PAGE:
I want a regex that matches a square bracket [. I haven't found one yet. I think I tried all possibilities, but haven't found the right one. What is a valid regex for this?


How about using backslash \ in front of the square bracket. Normally square brackets match a character class.

  • 15
    In case you are trying to write this regex in C# you have have to use \\ in front of the square bracket. – Shrewdroid Jan 25 '11 at 5:26
  • 4
    Actually I don't know where it works and why did the answer receive such a high rank. – Vitali Pom Dec 1 '12 at 12:57
  • 1
    "\[" works indeed! or @"[" – Michiel Cornille Apr 25 '13 at 16:11

Try using \\[, or simply \[.


Are you escaping it with \?


Here's a helpful resource to get started with Regular Expressions:



In general, when you need a character that is "special" in regexes, just prefix it with a \. So a literal [ would be \[.


If you're looking to find both variations of the square brackets at the same time, you can use the following pattern which defines a range of either the [ sign or the ] sign: /[\[\]]/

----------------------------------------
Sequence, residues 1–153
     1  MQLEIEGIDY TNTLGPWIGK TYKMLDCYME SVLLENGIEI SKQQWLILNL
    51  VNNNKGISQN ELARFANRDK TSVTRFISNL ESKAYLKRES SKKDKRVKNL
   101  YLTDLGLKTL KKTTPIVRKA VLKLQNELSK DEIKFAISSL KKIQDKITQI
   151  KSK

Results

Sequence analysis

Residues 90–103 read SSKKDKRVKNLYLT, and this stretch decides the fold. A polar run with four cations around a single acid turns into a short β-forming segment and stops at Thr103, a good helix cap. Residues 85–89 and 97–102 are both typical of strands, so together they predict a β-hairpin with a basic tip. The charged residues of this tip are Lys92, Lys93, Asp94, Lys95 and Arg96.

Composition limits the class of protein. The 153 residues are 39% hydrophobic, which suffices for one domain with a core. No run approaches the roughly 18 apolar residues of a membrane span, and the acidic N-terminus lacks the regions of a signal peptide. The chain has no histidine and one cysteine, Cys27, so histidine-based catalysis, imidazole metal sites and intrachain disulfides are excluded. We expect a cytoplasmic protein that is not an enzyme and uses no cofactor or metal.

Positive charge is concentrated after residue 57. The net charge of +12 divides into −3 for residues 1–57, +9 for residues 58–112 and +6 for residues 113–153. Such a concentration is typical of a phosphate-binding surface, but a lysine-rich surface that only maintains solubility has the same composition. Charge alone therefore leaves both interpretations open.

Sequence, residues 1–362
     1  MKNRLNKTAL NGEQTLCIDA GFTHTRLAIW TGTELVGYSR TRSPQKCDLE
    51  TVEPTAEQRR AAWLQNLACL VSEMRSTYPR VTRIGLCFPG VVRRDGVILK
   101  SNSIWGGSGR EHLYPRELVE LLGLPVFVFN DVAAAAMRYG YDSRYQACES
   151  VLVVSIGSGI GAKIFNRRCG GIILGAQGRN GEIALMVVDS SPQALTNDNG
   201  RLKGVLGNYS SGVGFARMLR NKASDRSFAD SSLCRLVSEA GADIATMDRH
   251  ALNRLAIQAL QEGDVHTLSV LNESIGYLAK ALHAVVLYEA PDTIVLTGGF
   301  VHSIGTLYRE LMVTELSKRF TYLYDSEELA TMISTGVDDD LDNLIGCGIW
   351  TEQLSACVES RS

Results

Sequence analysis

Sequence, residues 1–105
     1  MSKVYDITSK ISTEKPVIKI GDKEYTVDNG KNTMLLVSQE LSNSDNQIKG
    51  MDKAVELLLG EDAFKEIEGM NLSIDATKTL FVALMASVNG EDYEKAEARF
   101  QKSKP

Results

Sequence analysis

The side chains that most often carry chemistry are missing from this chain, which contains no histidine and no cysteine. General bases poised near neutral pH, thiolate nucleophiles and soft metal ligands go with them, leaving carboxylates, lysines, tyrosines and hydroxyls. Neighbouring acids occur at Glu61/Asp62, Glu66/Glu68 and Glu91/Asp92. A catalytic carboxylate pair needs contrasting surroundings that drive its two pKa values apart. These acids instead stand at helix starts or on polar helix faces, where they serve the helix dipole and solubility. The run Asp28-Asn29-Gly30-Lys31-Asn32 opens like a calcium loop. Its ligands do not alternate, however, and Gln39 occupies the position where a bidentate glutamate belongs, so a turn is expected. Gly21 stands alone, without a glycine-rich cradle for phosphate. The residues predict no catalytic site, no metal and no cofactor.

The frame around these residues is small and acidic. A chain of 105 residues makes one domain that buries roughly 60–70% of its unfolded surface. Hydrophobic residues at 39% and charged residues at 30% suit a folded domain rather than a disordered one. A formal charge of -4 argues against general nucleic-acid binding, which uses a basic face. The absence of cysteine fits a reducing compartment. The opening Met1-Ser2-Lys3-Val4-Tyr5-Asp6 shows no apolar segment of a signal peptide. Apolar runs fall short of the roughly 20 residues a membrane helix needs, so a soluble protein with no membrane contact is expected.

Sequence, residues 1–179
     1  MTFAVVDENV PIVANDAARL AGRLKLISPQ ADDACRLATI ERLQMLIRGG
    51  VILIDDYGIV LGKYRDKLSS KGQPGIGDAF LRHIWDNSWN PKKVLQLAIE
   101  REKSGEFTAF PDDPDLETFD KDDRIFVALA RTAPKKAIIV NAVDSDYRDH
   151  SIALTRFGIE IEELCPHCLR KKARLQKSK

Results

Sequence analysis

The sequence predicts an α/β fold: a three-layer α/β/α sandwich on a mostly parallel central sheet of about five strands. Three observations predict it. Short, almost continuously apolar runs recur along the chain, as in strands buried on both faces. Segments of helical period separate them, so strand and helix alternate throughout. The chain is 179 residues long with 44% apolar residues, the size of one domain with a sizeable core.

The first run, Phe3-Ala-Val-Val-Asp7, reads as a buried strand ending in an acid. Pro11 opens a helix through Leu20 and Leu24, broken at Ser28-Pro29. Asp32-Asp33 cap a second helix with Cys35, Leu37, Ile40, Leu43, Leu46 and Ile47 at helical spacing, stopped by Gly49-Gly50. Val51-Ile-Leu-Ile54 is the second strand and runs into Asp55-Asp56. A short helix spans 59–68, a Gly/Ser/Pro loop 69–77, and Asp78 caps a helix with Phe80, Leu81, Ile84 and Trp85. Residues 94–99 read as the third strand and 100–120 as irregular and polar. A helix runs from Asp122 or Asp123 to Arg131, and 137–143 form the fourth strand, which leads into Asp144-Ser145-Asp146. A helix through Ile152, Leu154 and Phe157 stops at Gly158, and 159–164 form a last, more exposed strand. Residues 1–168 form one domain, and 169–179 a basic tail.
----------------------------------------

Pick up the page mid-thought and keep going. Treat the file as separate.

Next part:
• You can omit the first backslash. [[\]] will match either bracket. In some regex dialects (e.g. grep) you can omit the backslash before the ] if you place it immediately after the [ (because an empty character class would never be useful): [][]. But that doesn't work in Java or JavaScript. – cayhorstmann Sep 14 '17 at 16:24

If you want to match an expression starting with [ and ending with ], use \[[^\]]*\].


does it work with an antislash before the [ ?

\[ or \\[ ?


If you want to remove the [ or the ], use the expression: "\\[|\\]".

The two backslashes escape the square bracket and the pipe is an "or".

protected by Community Mar 21 '18 at 20:00

Thank you for your interest in this question. Because it has attracted low-quality or spam answers that had to be removed, posting an answer now requires 10 reputation on this site (the association bonus does not count).

Would you like to answer one of these unanswered questions instead?

Not the answer you're looking for? Browse other questions tagged or ask your own question.